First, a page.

There has been a lot of discussion in the media about press freedom and the proposed media appeals tribunal.
There has also been fervent debates in the media and by political parties about the Protection of Information bill and other legislation which is currently before Parliament.
We at Bush Radio have hosted a number of programmes about these issues because, as a community radio station, it is not simply the intellectual debates among politicians and the mainstream media which is important, but how these proposals and laws will affect the communities we serve – and consequently the repercussions on the operations of this little community radio station at the foot of Africa.
We need to ask how these documents impact your fundamental right to freedom of expression and access to information which is enshrined in South Africa’s constitution?
Most importantly, how will it affect your right to know?
We facilitate your access to information and are an outlet for your ideas, concerns and challenges and this process should not be hampered by officials who choose the kind of information to which you have access.
We need to ensure that our young broadcasters do not shy away from digging deeper because they are scared of being targeted by the authorities.
Bush Radio has always seen itself as the facilitators and foot soldiers of democracy and not merely watchdogs. From 1993 when the apartheid government would not budge on the issue of licensing community radio stations in South Africa, and we were forced to take a stand by broadcasting “illegally“. (Video: Partial Eclipse)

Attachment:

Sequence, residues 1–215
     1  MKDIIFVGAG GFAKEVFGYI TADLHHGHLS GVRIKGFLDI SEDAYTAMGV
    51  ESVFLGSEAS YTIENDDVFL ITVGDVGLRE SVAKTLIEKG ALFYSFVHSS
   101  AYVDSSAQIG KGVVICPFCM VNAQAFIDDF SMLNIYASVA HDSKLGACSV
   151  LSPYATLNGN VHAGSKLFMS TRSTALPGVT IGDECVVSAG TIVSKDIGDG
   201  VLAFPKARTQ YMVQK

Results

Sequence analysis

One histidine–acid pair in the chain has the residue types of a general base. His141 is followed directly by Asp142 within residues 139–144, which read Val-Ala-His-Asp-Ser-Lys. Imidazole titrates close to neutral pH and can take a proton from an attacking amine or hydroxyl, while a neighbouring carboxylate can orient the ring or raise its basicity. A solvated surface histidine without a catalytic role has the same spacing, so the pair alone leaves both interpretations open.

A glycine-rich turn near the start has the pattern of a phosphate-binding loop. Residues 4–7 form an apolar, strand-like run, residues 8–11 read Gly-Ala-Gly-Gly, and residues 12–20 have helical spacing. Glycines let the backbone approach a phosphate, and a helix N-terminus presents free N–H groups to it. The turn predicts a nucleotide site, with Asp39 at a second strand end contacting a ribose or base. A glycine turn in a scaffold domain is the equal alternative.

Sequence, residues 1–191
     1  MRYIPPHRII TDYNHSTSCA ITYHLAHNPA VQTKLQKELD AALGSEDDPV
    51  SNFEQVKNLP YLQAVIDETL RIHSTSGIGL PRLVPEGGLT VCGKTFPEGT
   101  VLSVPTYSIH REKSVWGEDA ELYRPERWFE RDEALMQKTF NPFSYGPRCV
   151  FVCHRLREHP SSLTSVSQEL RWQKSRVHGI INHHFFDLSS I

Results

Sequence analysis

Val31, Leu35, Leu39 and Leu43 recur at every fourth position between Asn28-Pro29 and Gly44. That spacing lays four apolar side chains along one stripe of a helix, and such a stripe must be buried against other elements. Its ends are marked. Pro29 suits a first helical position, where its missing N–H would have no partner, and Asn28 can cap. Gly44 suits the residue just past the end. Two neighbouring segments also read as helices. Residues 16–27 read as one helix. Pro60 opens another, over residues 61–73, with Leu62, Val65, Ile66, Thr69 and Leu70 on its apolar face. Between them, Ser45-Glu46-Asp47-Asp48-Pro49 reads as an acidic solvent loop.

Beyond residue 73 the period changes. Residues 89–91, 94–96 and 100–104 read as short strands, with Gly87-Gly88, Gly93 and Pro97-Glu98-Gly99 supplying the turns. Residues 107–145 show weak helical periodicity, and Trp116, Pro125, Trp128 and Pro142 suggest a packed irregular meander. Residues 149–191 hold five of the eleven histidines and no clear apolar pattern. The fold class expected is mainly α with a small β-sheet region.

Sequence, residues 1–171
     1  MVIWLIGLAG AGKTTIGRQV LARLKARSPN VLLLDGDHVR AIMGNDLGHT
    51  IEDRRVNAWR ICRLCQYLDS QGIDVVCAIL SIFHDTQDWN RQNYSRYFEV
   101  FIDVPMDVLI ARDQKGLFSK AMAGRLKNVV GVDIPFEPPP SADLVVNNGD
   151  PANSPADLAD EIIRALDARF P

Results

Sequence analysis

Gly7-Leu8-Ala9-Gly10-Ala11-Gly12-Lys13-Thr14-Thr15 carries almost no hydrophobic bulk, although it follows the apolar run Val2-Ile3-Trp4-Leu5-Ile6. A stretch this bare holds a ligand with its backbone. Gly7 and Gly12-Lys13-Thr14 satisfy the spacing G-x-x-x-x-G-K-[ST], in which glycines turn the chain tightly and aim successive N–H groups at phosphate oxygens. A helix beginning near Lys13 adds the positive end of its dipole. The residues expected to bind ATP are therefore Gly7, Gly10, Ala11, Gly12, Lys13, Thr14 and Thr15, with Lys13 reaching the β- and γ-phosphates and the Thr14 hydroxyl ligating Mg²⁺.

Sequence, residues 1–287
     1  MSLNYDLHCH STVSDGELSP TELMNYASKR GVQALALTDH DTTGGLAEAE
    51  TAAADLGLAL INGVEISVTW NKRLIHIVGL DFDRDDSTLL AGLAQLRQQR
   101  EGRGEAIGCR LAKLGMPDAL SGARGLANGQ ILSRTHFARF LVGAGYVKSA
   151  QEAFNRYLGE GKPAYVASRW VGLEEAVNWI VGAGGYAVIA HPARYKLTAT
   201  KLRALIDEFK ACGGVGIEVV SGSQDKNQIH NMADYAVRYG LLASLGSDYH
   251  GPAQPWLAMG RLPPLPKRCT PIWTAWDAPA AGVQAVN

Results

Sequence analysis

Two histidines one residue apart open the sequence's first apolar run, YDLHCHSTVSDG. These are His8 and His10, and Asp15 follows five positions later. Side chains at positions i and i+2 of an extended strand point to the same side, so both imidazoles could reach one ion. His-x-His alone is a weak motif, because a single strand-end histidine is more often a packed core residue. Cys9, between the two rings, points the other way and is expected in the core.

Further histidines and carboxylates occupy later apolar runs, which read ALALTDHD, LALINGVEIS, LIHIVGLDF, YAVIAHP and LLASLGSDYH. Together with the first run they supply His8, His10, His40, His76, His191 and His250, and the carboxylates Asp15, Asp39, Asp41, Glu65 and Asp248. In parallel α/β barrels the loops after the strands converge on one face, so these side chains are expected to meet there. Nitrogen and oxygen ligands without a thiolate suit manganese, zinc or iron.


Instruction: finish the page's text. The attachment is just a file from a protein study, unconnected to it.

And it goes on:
Striving for freedom of expression in South Africa had a global impact – leading to a change in how the United States Federal Communications Commission looked at community radio in their country. (see: http://bit.ly/cxLhjI )
Another important aspect of what we do is highlighting your rights as a responsible citizen in South Africa.
We cannot and will not force you to believe anything.
Our role is to provide you with access to Bush Radio and relevant information, help you digest this information and then you to make up your mind.
We cannot and will not support any proposed legislation or movement aimed at curtailing your right to express yourself in an open and democratic environment.
What has become clear to us in the midst of the freedom of expression debate raging in South Africa is that Bush Radio needs to do more.
We need to actively search out information on these issues from academics, NGOs, research organisations and politicians so that we can do our job.
And our job has always been to facilitate the process of our listeners, our community, making informed decisions.
The debate around the freedom of the media and freedom of expression should happen divorced of rhetoric, accusations and fears, which only serve to cloud what to many is a complex issue.
We recommit ourselves to facilitating your right to access to information, and ultimately to remain a vehicle through which you can exercise your right to freedom of expression.